"Having to condense four decades of life after Stanford and SAE within one minute is an impossible challenge, but I'm up to it. I have my trusty notes at hand in order to keep me focused, so here I go.

After Stanford, I found myself in a bit of a depressing limbo. Not getting into medical school, despite an honorable 3.65 grade point average, made me feel like a failure, and in the eyes of my parents I was a big disappointment I am sure. I lived at home and worked hard for a year saving up some money. Having been prepped for adventure at SAE, I decided to do something with my life, expand my horizon by travelling to Europe, discover my soul and my true purpose in life. With my grubby backpack and "Let's Go to Europe on $5 a day" book, I went to Europe and traveled around. While in Europe, I eventually hooked up with my good friend Kevin, and we traveled north. That is where I met my wonderful Dutch wife in Norway. The rest is history.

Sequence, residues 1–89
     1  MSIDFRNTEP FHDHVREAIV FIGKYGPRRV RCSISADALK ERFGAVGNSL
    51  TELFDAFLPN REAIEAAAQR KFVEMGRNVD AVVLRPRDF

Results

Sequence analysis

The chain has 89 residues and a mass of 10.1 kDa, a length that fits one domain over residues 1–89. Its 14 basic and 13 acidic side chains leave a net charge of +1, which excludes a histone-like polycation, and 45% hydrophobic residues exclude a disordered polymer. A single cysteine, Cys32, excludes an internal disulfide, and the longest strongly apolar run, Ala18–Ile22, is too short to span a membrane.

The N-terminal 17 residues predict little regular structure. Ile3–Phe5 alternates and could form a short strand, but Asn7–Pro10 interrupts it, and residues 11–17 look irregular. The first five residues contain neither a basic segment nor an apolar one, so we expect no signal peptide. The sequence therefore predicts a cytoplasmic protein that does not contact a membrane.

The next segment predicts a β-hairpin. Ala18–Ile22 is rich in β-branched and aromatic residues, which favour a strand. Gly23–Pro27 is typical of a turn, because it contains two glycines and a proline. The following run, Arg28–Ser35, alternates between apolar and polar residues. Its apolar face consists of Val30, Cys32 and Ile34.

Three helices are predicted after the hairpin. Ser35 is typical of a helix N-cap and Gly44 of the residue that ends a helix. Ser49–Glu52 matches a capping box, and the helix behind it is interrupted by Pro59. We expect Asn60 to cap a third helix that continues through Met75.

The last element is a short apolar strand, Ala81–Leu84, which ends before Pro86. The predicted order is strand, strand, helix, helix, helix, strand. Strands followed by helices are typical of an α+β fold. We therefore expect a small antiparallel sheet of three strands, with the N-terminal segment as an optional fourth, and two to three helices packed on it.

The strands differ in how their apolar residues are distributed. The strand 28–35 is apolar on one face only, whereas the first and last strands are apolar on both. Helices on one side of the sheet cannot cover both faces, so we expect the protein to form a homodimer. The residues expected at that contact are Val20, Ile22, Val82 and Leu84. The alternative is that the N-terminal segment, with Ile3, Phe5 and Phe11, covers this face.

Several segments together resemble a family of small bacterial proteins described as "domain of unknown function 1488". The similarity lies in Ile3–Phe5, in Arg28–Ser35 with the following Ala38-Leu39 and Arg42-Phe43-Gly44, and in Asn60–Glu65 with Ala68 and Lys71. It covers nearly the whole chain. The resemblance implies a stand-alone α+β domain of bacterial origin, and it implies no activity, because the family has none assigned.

Currently I live in The Netherlands, more popularly known as Holland, in a city called Gouda. That's the same place where the famous cheese comes from. Gouda is located just east of Rotterdam and about an hour's drive south of Amsterdam. Together with my amazing wife we raised four beautiful children: two boys and two girls ranging in ages from 26 to 33. They've since flown the coop, so it is pretty peaceful at home now. My wife is a nurse and she's good at it. With the pandemic and all it might not be the funnest job in the world, but she's an amazing woman in that regard.

When the kids were older, I took up golf again and really love it. I play as much as possible, practice regularly, and take part in tournaments, including the Dutch senior amateur tour which is great fun. Around eight years ago. I realized how important it is to be healthy in the later years. I gave up alcohol, fatty foods and meat, and in addition to golf I work out at the local gym two to three times a week.